US report criticizes Pakistan's blasphemy laws

More than 40 people are on death row for blasphemy in the country, cites report

August 12, 2016
The United States has criticized Pakistan's blasphemy laws in an official report on religious freedom released Aug. 10.

"Pakistan's blasphemy laws, which prescribe harsh punishments for crimes such as the desecration of the Quran or insulting the Prophet Mohammad, have often been used as justification for mob justice," said the U.S. Department of State's International Religious Freedom Report for 2015.

"Since 1990, more than 62 people have been killed by mob violence [according to the Center for Research and Security Studies in Pakistan]," stated the report, which covers 199 countries and territories around the world.

"In 2013, there were 39 registered cases of blasphemy against a total of 359 people, according to the Human Rights Commission of Pakistan," said the report.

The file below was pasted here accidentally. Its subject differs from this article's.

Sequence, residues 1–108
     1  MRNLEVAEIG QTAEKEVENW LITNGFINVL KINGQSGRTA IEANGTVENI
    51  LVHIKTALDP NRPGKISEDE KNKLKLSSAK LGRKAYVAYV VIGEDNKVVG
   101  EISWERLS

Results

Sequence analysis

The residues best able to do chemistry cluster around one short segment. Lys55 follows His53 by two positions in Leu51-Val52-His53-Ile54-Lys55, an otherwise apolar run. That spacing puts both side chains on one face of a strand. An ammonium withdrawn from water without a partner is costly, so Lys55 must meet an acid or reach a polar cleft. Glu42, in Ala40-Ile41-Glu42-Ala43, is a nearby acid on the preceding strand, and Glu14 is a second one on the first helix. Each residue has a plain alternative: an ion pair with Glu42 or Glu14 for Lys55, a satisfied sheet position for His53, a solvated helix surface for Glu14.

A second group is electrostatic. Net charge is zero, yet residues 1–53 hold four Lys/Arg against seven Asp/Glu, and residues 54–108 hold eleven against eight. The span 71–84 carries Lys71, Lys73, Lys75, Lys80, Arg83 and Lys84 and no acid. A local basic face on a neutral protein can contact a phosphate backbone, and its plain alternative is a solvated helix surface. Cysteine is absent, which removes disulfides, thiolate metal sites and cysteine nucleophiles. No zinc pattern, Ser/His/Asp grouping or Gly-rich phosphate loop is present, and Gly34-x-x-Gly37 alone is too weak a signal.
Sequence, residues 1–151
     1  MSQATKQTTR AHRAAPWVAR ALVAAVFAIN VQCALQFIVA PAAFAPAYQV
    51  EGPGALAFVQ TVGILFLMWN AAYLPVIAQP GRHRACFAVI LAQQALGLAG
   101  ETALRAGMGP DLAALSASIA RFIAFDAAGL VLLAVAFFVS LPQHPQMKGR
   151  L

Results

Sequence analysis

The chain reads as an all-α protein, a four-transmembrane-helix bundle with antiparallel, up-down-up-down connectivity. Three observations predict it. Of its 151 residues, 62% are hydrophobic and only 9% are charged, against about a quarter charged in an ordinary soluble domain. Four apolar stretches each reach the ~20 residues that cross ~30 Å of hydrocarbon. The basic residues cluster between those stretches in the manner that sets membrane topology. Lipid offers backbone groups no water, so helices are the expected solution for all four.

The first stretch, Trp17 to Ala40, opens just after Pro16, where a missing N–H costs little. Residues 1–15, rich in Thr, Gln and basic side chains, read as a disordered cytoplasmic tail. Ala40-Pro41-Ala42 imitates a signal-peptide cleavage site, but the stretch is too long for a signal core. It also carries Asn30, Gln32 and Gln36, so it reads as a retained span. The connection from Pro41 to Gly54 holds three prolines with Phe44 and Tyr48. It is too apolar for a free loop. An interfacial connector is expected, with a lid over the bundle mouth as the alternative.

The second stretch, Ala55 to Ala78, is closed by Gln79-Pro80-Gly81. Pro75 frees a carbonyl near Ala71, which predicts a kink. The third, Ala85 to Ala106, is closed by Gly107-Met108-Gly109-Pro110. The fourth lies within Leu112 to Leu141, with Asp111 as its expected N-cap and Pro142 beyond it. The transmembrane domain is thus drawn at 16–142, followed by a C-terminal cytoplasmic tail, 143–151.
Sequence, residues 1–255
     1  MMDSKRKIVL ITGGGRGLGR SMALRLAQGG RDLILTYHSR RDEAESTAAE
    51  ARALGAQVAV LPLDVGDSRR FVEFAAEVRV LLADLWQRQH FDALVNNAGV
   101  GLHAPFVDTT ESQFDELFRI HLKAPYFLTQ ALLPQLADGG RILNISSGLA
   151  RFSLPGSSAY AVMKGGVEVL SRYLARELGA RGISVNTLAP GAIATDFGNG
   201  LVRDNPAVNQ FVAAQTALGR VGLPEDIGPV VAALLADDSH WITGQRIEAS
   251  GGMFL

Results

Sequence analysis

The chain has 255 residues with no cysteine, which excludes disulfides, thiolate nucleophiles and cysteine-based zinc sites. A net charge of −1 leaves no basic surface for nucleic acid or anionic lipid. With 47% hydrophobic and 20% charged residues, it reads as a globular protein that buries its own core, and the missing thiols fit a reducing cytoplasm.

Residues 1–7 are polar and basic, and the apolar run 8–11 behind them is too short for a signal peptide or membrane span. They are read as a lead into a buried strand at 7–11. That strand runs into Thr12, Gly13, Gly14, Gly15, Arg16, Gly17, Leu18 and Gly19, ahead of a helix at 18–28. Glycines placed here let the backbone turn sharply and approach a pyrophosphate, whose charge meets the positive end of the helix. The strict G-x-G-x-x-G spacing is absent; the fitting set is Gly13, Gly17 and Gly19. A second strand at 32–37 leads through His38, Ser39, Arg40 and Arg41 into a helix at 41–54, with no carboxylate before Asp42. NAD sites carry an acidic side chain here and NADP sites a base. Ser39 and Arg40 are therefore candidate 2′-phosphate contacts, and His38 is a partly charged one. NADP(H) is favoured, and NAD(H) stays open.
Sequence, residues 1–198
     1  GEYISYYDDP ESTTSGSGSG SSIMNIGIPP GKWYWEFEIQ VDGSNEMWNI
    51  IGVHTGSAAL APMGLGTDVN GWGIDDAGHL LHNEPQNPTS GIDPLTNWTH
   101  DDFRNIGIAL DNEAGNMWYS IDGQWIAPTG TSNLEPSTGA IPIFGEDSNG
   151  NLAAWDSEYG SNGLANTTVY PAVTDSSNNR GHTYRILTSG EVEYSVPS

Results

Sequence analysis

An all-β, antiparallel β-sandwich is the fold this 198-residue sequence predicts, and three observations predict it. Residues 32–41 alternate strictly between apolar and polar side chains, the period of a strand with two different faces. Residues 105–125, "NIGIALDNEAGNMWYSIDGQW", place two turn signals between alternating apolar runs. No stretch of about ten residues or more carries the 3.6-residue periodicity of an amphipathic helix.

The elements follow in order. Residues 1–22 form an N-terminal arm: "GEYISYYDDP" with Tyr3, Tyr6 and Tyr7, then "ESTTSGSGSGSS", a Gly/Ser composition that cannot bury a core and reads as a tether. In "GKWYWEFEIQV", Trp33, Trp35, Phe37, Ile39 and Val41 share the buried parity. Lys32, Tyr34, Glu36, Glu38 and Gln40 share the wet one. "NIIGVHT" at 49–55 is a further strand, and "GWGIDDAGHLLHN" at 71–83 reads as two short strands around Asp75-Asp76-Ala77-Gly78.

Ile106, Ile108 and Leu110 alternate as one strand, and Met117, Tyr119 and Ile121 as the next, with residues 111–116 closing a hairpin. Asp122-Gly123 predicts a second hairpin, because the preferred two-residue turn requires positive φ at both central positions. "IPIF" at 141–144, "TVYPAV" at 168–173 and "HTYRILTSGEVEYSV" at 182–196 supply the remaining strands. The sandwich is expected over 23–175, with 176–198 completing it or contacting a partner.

"According to the U.S. Commission on International Religious Freedom, more than 40 people remain on death row for blasphemy in Pakistan, many of whom are members of religious minorities," it continued.

"Numerous individuals involved in well-publicized blasphemy cases from previous years — including Sawan Masih, Shafqat Emmanuel, Shagufta Kausar, and Liaquat Ali — remained in jail awaiting appeal."

The report describes blasphemy, apostasy and anti-conversion laws in eight countries, including other Asian nations Indonesia and Nepal.

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